2. On the other hand, the other 200 other accountants in the same seminar told me that in five years' time, they expected themselves to be much more competitive and able to compete for jobs in Singapore and beyond. They believed that technology would enable them to transcend the confines and boundaries of Singapore. It would open up a much bigger market for their professional services across the world.
  3. The question is: which of the 200 would be right? For both groups, the reason that underpinned their answers was the same: technology. For some, technology was threatening their livelihood; for others, technology opened up new vistas for them. So the moral of the story is really this - technology is neutral. Whoever can master technology and leverage it will join the 200 that go forth and have opportunities in and beyond Singapore. But on the other hand, if we do not master the evolving technology, then we will be like the first 200 who fear that in five years' time, our jobs will be taken away by Artificial Intelligence and robotics.
  4. So therein lies a lesson for us: there is nothing to fear about technology. Everyone in the world is facing the same challenges and opportunities, but the difference is who will be those who are brave enough to master it, leverage it and combine it with their skills - as Professor Tan said, the ones who embrace the high-technology, high-touch and high-trust approach will survive and thrive.

4. As an SIT graduate, I hope that you will remember these two stories. You will have a running start with the industry experience and networks that you have acquired through your education here. SIT has been a pioneer and at the forefront of applied learning pedagogies, and you have a deep and wide network to start with. Do leverage it and continue to grow. As you journey forward in life and benefit from the experience of SIT, I hope one day, you will look back and define your success not just by how well you have done for yourself. Remember that your success is defined not just by taking care of yourself or your family, but also by your contribution to society and our country.

  1. On this day of your graduation, I hope that you will reflect on how you got here. You are seated here because you have supportive peers who have walked this journey with you. You are here because of your family members who believed in you. You are here because there were people before us who have worked hard to build this place. In fact, this used to be the site of my former army camp! We are all here not just because of our hard work and intelligence. In the world today, there are many people who are perhaps as hardworking and intelligent, if not more than us. But not every one of them have the opportunity to be seated here because they didn't have the previous generations pay it forward for them to be here. I hope that every generation of Singaporeans will continue to define our success not just by how well we do for ourselves in this generation, but how well we enable the next generation to do even better. That in time to come, when you are seated watching the next generation graduate, you too will remember this day, and that we all got here because of our friends, family and societal support. And therefore, it is our responsibility to pay it forward too, to the next generation.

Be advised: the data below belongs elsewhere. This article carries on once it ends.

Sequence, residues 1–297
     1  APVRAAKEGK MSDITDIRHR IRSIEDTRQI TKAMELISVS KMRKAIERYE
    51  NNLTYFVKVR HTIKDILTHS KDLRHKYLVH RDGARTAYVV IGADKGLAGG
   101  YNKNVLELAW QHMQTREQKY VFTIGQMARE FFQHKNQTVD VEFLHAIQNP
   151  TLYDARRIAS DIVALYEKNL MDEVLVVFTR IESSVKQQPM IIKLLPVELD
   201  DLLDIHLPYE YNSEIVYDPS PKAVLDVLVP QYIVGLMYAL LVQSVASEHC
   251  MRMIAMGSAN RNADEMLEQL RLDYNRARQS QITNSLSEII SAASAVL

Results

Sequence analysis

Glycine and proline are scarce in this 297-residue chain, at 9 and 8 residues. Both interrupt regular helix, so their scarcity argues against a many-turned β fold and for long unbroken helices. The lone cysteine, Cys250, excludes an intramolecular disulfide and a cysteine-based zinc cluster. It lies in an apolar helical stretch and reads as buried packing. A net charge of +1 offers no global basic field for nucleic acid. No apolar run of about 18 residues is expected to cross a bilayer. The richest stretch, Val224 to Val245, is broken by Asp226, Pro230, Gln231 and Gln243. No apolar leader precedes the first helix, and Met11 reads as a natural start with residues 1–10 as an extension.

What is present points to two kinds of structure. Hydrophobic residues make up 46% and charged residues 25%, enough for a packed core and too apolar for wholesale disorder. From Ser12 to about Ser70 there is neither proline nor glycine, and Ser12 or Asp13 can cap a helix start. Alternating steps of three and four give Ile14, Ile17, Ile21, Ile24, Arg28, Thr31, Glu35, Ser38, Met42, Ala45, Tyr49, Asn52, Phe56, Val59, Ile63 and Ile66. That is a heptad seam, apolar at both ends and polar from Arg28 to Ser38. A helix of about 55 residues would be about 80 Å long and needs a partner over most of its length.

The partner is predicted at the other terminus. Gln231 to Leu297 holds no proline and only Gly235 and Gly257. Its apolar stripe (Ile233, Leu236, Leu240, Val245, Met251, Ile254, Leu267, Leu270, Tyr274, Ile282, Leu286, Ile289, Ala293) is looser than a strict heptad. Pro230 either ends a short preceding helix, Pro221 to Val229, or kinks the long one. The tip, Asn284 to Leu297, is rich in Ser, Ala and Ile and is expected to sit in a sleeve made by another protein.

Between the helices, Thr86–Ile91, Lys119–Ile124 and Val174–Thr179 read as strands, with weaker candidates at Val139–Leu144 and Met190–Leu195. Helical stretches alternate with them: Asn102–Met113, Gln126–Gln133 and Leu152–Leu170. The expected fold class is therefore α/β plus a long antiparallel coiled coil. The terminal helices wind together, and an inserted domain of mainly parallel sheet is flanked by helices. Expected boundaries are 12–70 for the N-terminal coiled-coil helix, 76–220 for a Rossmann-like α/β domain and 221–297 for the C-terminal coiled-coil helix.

5. On this note, I wish you all the very best and success in your future endeavours. As Professor Tan said: once a SITizen, always a SITizen. Be the alumni who will always remember to pay it forward for the next generation of SITizens to do even better than yours. Thank you very much.